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Scream 3
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Don't be afraid. You knew this would happen. After the first two Scream movies were both huge horror hits, you knew a third had to be in the making.

Somehow I was expecting Scream 3, supposedly (let's hope not) the final Scream movie, to be the best, bloodiest, most thrilling movie yet. The hype would have you believe that, at any rate.

I'm not saying that Scream 3 isn't a terrific movie - it's certainly as effective as its predecessors - it's just not better.

Once again, Neve Campbell plays Sydney, the intended victim of the last two killing sprees (and one of the very few who survived). Also back are Courtney Cox, as snoopy reporter Gale Weathers, and David Arquette as former police officer Dewey (he was wounded in Scream 2).

And we wouldn't have a Scream 3 at all if the killer himself/herself weren't back as well. Since the killers in the first two movies were killed themselves, the new killer must be someone different.

Following the plot of Scream 2, a horror movie, Stab 3, is being filmed when the new killer strikes - again.

The question of whether violent movies bring on violence - or vice versa- is raised. Stab 3 director Paul Milton has the right idea when he says sarcastically, "So if we stop making scary movies, all the psycho killers will retire?" I agree - don't blame Hollywood for real- life violence.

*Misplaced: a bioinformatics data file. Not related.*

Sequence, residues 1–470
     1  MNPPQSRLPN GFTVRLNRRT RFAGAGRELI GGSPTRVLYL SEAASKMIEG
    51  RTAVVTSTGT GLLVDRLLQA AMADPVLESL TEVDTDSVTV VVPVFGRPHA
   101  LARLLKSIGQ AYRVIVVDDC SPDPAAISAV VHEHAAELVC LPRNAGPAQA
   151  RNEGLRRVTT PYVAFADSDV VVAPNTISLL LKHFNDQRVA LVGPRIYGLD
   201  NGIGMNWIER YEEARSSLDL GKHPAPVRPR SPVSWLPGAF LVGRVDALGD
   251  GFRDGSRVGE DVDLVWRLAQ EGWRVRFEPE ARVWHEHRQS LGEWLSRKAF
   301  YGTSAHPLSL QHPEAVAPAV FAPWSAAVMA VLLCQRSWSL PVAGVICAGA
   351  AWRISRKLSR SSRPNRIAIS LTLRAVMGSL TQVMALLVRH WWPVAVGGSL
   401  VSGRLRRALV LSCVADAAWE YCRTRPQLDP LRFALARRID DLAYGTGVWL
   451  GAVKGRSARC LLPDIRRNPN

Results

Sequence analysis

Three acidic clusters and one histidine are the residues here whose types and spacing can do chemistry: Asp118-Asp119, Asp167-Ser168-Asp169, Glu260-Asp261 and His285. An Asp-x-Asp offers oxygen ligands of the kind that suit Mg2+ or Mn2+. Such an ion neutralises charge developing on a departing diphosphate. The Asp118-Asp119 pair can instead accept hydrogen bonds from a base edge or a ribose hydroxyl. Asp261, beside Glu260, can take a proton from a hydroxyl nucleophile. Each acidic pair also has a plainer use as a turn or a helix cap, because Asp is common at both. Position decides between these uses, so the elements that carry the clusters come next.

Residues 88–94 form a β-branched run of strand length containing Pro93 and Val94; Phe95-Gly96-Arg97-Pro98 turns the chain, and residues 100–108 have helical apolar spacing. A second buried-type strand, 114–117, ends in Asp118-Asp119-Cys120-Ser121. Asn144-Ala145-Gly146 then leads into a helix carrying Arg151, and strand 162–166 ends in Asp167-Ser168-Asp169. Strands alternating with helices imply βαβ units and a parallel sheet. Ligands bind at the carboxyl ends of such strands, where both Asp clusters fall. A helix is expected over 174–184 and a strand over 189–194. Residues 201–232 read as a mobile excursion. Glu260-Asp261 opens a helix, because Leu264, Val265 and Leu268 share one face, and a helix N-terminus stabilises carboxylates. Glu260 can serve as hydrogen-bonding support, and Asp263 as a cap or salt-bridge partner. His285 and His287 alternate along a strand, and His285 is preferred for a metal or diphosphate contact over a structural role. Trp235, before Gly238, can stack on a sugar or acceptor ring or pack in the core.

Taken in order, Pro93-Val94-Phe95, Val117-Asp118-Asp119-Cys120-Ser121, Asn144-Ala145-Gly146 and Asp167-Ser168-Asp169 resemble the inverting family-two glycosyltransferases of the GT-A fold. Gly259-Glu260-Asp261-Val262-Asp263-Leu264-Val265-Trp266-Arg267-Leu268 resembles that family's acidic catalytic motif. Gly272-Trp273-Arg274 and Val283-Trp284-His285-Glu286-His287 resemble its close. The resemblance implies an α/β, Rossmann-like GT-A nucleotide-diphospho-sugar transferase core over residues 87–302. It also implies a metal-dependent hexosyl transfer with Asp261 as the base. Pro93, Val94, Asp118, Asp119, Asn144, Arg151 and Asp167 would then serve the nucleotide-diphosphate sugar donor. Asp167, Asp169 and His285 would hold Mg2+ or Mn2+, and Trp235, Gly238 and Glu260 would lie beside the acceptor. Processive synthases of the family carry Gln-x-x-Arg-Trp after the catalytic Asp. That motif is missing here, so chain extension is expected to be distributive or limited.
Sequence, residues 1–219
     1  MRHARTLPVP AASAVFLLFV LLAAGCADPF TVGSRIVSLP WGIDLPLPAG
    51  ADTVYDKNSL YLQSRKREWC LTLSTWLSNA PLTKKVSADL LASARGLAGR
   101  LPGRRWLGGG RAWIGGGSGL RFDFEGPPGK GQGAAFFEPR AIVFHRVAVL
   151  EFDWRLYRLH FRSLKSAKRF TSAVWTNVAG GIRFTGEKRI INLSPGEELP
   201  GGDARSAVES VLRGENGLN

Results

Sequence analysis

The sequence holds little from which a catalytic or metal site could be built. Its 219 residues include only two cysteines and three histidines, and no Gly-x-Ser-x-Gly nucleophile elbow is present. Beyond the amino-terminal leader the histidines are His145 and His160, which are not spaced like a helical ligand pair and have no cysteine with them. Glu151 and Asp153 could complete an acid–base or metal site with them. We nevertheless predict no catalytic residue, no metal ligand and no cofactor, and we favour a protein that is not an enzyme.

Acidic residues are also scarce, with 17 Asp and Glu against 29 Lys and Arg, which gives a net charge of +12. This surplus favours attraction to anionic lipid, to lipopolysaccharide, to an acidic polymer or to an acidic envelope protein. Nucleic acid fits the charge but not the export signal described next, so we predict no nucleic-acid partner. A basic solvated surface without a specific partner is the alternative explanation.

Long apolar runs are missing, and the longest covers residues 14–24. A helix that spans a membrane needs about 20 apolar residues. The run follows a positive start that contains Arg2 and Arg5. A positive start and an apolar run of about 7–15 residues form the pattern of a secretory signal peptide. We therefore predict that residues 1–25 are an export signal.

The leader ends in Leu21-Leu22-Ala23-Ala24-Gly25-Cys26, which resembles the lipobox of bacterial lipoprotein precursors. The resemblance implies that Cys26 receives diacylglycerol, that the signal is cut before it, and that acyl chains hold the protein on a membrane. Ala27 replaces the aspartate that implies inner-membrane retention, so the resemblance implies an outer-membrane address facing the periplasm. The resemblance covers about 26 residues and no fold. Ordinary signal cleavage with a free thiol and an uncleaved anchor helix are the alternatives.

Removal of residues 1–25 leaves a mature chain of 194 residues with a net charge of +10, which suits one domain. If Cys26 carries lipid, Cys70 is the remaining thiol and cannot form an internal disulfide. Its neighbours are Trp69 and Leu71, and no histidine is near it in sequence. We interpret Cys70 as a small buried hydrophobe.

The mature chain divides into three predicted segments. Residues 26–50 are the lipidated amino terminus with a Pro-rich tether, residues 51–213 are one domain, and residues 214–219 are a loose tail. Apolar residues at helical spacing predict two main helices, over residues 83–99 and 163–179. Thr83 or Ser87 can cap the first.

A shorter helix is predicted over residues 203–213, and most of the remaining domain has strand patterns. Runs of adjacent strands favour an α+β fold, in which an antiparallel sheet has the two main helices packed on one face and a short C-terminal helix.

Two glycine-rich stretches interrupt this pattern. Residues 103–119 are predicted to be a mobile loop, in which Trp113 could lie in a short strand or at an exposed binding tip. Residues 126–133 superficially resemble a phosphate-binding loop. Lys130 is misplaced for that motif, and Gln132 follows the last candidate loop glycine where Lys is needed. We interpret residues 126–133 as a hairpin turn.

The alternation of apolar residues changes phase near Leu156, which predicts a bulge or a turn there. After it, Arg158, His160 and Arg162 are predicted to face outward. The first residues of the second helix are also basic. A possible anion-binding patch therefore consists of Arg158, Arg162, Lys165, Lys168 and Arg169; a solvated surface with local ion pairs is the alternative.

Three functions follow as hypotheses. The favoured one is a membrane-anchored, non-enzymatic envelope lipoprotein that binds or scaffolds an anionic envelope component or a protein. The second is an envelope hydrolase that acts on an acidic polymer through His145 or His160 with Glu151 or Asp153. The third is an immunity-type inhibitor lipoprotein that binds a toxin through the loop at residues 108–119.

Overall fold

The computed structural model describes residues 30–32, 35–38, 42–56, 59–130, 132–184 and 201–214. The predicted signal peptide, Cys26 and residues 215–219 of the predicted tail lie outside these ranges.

But the most important question raised by Scream 3 is, of course, who did it? Who is the killer? Virtually everyone is a suspect, and, as usual the Halloween masked disguised killer remains elusive. I did, however, figure out an important part of the plot (warning, plot spoiler ahead): Sydney's mother, also murdered in the first Scream, had an illegitimate child during her two-year stay in Hollywood who she later gave up for adoption, then moved away, and married Sydney's father.

When her now grown kid tracked Mommy down, she wanted nothing to do with that embarrassing part of her past. Angry and embittered, the kid helped persuade her killers to commit the murder.

Like I said, I figured out that part. What I didn't figure out was who her kid was. (It wasn't one of my main suspects either.)

I found a few scenes unrealistic. For example, Sydney knows someone is out to kill her, yet she goes wandering around a dark, spooky abandoned movie set alone. Is it any wonder that the killer shows up and tries to do what killers do best?

In another scene, Dewey shoots the now-revealed killer in the chest repeatedly, with no results (the clever killer came prepared with a bullet-proof vest). "Shoot him in the head!" Sydney yells. What kind of a cop needs someone to tell him that? Couldn't he figure it out himself?

As for character development, don't expect any shocks there either. Everything progresses in a very obvious manner: Sydney, who is understandably terrified of leaving her well-secured house, is no longer paranoid by the end of the movie. Gale and Dewey, who have had an on-again-off-again relationship, finally decide they're right for each other and get engaged.

Don't get me wrong - Scream 3 definitely is as much a Scream as the first two films. Perhaps that's because all three movies have basically the same plot formula, with only a few variances. Nevertheless, I'm not complaining; I fully enjoyed Scream 3, and so will anyone who liked the first two. Just don't expect anything radically different. Audio VersionThe thrills are there, the bloody dead bodies are there (although in smaller number, I noticed), and the suspense is still there. If you like that in a movie - and I do- you'll love all the Scream movies. In fact, you may want to rent the first two for a refresher course before seeing this one.

My Rating = Four Stars

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